Comments on Alan Kohler "A housing bubble? You bewdy!" 18/09/2013, http://www.businessspectator.com.au/article/2013/9/18/economy/housing-bubble-you-bewdy
Alan, you listed two reasons, "a lack of spending on infrastructure by state governments and planning restrictions by local councils", for "why is there a persistent shortage of housing in Australia when it’s the 3rd least densely populated nation on earth. (Mongolia and Western Sahara are less dense)."
While they are correct, there may be other more important reasons. For example, the relative price of building a house in Australia may be much higher, due to high labour and building materials costs here. This reflects a general pattern that non-traded goods and services have a much higher price relative to trade goods and services in Australia.
Capital costs are generally higher in Australia as, much higher than in the US. This is because it is an small, growing and capital importing country. For example, it is probably common for the official interest rates in Australia to be more than 2 percentage point higher than in the US.
Further, state and local governments rely on either land tax or rates as a source of revenue, so if land value is lower, their revenue may be lower too. From that point of view, they have incentives to keep land value high, contributing to higher housing prices. This is particularly true for local governments given that rates are one of the main sources of revenue for them.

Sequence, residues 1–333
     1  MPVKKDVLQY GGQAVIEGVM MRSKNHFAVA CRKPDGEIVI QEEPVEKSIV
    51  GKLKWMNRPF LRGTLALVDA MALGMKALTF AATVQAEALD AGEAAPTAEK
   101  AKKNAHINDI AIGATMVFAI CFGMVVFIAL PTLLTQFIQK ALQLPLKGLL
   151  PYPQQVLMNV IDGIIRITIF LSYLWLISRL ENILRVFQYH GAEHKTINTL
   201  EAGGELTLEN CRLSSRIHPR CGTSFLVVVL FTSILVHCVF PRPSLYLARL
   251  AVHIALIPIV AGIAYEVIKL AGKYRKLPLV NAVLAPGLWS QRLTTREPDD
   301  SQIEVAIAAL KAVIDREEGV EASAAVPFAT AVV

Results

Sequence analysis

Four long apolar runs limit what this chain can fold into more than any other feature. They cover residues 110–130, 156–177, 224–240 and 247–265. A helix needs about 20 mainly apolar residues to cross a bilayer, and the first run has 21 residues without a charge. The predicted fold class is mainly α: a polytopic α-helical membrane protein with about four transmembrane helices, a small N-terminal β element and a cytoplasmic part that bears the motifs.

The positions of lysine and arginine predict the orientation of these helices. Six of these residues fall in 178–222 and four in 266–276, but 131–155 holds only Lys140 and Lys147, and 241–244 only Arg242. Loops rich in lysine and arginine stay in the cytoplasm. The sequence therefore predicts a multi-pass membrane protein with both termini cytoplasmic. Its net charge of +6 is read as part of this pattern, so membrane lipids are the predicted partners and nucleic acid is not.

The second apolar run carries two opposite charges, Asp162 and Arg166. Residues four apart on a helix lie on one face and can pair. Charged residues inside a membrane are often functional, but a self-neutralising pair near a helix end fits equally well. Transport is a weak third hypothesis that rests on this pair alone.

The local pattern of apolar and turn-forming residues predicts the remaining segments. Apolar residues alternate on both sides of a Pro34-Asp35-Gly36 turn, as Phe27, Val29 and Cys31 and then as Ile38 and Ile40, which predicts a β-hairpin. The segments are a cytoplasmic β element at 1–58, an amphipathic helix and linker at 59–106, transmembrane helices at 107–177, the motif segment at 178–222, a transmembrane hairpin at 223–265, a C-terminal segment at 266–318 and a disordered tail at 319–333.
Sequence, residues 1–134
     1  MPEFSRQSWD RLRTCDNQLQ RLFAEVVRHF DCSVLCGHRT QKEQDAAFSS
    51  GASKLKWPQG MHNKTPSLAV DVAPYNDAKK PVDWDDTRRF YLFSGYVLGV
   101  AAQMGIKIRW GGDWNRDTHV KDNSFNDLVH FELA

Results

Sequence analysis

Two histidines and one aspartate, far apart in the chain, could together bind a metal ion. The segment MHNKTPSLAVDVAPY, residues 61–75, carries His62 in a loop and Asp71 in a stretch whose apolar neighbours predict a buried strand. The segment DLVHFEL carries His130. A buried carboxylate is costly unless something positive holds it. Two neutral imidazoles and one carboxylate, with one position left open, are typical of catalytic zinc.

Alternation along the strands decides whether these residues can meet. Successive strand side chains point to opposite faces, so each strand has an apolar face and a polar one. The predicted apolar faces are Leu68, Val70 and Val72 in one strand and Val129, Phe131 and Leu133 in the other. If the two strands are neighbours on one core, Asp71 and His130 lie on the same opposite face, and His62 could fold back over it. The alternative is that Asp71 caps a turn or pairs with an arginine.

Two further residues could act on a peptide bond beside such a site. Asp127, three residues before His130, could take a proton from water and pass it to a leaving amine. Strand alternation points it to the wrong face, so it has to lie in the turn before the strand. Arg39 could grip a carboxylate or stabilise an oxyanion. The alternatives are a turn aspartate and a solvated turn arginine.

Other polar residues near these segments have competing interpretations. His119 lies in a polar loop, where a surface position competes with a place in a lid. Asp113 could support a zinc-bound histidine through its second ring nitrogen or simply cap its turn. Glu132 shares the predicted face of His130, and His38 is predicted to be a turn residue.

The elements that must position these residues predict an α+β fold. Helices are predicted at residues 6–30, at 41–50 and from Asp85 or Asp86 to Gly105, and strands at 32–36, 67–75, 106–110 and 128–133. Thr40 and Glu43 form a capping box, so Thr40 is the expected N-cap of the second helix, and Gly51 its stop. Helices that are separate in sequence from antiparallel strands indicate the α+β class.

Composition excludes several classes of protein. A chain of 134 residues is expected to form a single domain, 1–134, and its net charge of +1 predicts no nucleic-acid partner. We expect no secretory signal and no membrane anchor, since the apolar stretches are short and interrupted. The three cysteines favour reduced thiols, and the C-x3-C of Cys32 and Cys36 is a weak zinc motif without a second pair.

On the demand side, Australia's geographical location close to Asia where there are billions of people with much higher population densities and relatively scarce land in conjunction with Australia's fairly open policy on foreign buyers of real estate properties, mean external demand can be a significant factor in driving the house price higher than it would otherwise be.
In fact, I would argue that this is a very important fact behind Australia's much higher ratio of house price to income and has been overlooked by many economists and analysts when they say that Australia's housing price is too high and there is a significant bubble in the housing market in Australia.
If using housing price to income ratio as a definition for house market bubble, then it is true that there is a housing market bubble in Australia and indeed a quite big one. However, it can be argued that such bubble may not be as easily to burst as in other industrialised countries because of the external demand factor.
This is likely to be a unique feature of the Australia housing market.